Electronic devices are now a standard part of most classrooms, and of course, personal electronic devices are integral in our own and in our students' everyday lives. This article discusses policies and strategies to help you manage electronic devices in the classroom.
Personal Electronic Devices - Substitutes
Do not use your personal devices (cell phone, smart watch, etc.) during class. Even if students have an independent task, substitutes are expected to be actively monitoring and supporting students. Keep any devices on silent so that incoming calls or messages do not interrupt the class.
You may only use your device when students are not present, such as lunch or a preparation period. You may also use your device if there is a serious medical or safety emergency in the classroom. It is permissible to use your phone as a timer to manage time frames for learning activities; in these situations, it is helpful to be up front with students: "You have 15 minutes to complete the practice problems on this page; I am setting a timer on my phone for 15 minutes. When the timer goes off, you will turn in your paper."
Personal Electronic Devices - Students
By middle school, almost all students have cell phones, smart watches, and/or AirPods. Many students bring their gaming devices, such as the Nintendo Switch. Even many elementary students have these devices! It is always good to ask at each school what their specific policy is for devices. Generally, most schools do not allow students to be on personal devices throughout the day, or at the least, not during classes.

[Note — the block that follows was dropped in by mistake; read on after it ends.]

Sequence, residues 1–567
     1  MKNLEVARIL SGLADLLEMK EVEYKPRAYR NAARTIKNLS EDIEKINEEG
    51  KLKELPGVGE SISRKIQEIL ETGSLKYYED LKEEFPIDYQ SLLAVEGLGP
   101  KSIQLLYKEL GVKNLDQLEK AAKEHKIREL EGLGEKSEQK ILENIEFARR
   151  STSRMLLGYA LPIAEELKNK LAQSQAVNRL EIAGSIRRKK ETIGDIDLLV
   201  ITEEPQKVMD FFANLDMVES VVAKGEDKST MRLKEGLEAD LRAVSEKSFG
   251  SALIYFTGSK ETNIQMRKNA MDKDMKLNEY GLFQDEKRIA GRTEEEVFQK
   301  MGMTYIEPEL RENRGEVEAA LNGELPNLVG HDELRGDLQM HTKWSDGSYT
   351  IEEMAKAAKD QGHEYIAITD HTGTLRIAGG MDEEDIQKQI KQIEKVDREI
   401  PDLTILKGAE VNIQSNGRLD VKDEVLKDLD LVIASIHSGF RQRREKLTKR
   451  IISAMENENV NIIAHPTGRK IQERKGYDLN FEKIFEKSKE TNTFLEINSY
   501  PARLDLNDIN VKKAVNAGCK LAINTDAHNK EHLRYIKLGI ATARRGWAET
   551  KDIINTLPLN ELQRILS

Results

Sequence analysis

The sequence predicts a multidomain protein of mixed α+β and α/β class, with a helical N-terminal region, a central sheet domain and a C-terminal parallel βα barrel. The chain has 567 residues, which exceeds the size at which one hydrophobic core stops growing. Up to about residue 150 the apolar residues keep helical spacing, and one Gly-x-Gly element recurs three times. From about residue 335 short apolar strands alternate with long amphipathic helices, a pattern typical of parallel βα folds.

It is imperative that you uphold school policy. Allowing students to be on their devices might seem harmless or that it is something that you can't enforce as a substitute; you might even think it will make you the "cool" substitute to let it slide, or that it's fine once students finish their work. However, it is not okay and can lead to significant problems, including cyberbullying, inappropriate content, and recordings of you or other students. Even if students tell you, "Our teacher lets us be on our phones," you are expected to follow school policy and will be held responsible for issues that arise for ignoring school policy. Generally, students are very defensive about having devices taken away, so they are willing to be compliant when reminded of school policy. If repeated violations require a device to be confiscated, call for a staff member to help.
School/Classroom Electronic Devices